2020-02-11 › Violence in Kazakhstan Turns Deadly for Dungans
Ten were killed in clashes that followed ethnic lines, but betrayed long-standing socioeconomic dissatisfaction.
Kazakhstan’s police unit walk past burnt cars as they patrol a street after the conflict in Masanchi, near the border with Kazakhstan, Saturday, Feb. 8, 2020, a large population of Dungan, who are Muslims of Chinese ancestry. Kazakhstan’s interior minister says eight people were killed and 40 injured in an outburst of violence in a town where about 30 homes were also set on fire.
Widespread clashes in several villages in Kazakhstan near the border with Kyrgyzstan left 10 people dead and 178 injured on the night of February 7. The following day, images of burned houses and torched car carcasses shocked the rest of the country, which had to grapple with another tragic incident caused by both ethnic and socioeconomic factors. A total of 47, believed to have taken part in the riot, were arrested.
For over a century, the villages of Masanchi and Sortobe have hosted a Dungan minority, that is, ethnic Chinese Muslims that fled China during and after the Hui Minorities War of the mid 19th century. Life in a few of these villages along the Kazakh-Kyrgyz border has not always been easy for Dungan people or other minorities in the intervening decades. A number of small-scale clashes have been recorded in Kazakhstan’s (and Kyrgyzstan’s) border zones in the past few years.
On February 10, Kazakh President Kassyn-Jomart Tokayev fired Askar Myrzakhmetov, governor of the Zhambyl region, replacing him with Berdybek Saparbayev, a veteran politician who served several times as minister and will be the leader of an oblast’ for the fifth time in his career. As vice prime minister, Saparbayev visited the villages after the riots and oversaw the creation of an investigative commission.
Earlier, Tokayev ordered the dismissal of several officials in charge of the districts in which the clashes took place, among which were the vice-governor and the top brass of the regional police.
The mob violence seemed to be directed mostly toward shops, homes, and cars owned by Dungans. Although the government chose to avoid mentioning the “ethnic” component of the clash, most witnesses did.
In the hours following the incident, fake news about “ruthless pogroms in Kazakhstan around the spreading of coronavirus” circulated around social media, fueling hysteria in other parts of the country.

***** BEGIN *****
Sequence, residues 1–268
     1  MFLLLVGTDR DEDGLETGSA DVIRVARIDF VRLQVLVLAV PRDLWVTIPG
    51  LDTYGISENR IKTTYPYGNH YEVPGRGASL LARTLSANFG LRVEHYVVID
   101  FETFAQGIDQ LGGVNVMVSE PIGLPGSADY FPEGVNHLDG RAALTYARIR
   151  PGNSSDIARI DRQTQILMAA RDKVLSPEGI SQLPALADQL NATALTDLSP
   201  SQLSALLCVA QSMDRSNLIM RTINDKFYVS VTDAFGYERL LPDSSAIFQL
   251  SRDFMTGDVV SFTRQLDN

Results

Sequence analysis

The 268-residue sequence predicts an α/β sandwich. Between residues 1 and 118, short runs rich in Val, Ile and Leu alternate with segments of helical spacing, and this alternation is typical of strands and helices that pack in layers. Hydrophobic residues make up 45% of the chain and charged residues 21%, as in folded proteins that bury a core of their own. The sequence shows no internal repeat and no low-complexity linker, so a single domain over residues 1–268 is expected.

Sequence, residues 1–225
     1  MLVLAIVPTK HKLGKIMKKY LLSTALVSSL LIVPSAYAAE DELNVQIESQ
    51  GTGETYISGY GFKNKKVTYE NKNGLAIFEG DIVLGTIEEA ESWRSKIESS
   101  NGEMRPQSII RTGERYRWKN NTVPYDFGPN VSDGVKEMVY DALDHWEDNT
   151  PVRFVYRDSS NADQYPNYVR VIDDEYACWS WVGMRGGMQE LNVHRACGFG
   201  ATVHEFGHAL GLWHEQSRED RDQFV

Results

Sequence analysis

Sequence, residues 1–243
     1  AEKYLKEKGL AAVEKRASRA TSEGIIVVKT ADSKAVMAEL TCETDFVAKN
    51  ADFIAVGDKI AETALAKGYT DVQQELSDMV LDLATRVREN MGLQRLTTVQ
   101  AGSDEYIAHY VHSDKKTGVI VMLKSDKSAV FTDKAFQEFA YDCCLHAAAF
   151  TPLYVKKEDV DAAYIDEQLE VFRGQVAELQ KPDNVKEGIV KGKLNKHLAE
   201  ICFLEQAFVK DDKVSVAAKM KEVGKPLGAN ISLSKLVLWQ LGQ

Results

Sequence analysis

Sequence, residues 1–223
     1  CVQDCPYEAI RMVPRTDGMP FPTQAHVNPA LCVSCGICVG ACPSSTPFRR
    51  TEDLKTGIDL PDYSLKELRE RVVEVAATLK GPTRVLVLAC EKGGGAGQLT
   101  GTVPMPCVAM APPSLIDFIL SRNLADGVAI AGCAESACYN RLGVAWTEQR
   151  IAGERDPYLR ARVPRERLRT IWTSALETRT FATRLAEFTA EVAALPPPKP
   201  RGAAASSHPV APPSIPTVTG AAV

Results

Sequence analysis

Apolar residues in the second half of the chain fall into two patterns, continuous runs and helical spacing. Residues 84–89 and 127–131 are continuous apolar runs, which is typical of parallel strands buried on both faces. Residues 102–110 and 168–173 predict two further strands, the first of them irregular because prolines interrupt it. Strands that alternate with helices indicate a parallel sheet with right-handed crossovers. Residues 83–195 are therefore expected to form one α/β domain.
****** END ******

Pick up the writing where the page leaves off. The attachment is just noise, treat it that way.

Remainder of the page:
More threats of violence pushed the administration to keep closed the Barakholka market on the edge of Almaty, 150 kilometers to the east, on the day following the incidents. Other villages with significant ethnic minorities, such as Zarya Vostoka near Almaty, were patrolled by extra police.
Inevitably, fear spread among Dungans who fell victim to the violence or witnessed the riot. Thousands crossed the border into Kyrgyzstan. Sortobe, on the Kazakh side and Tokmok, a village also populated by a few thousands Dungans, on the Kyrgyz side, are only separated by the Chu river, which also demarcates the border. According to Kazakhstan’s authorities, around 4,000 that had fled to Kyrgyzstan on February 8, returned two days later.
Interviewed by Vlast.kz, Khusei Daurov, chairman of the Dungan Association of Kazakhstan, said this is the first time that clashes between Kazakhs and Dungans have grown to such a scale.
“Someone beat me with a club [… ] and broke my arm. Another put a gun to my head,” Daurov told Vlast.kz.
According to Daurov’s account, several Kazakh families sheltered their Dungan neighbors from the violence on the streets. All accounts seem to point to petty violence turning into a widespread pogrom.
While the ethnic component turned out to be the foundation of the riot, the ethnic Kazakhs who targeted Dungans, did so to vent their disappointment for their socioeconomic conditions. Stoked up by envy towards some commercially successful Dungan businesses, some Kazakhs decided to seek revenge.
“The Dungans started to get cocky. […] Patience snapped. They got rich, and when people get rich, they start looking down on other people. They started saying to us: ‘Though the land is yours, the power is ours,’” a Kazakh man from a village near Masanchi told Eurasianet.
In a statement to the media, the Bureau for Human Rights, headquartered in Almaty, said the cause of the incident has its roots in “unresolved social problems, unemployment, social stratification, lack of social justice, and distrust of the authorities.”
By focusing on “interethnic harmony,” post-independence Kazakhstan has built a fragile house of cards that only holds when socioeconomic conditions are favorable for most. But as inequality, poverty, and injustice have become the scaffolding of Kazakhstan’s economy, especially after the 2007-2008 global financial crisis, violence has become the last resort for many disgruntled Kazakhs against those who have profited on their land, whether they have lived there for over a century, such as the Dungans, or for just a few months, such as expatriate workers in the oil fields.
Paolo Sorbello is a journalist and researcher from Italy. He is a PhD candidate at the University of Glasgow, studying state-business relations in Kazakhstan. He is also the Business News Editor of the weekly newspaper
The Conway Bulletin.
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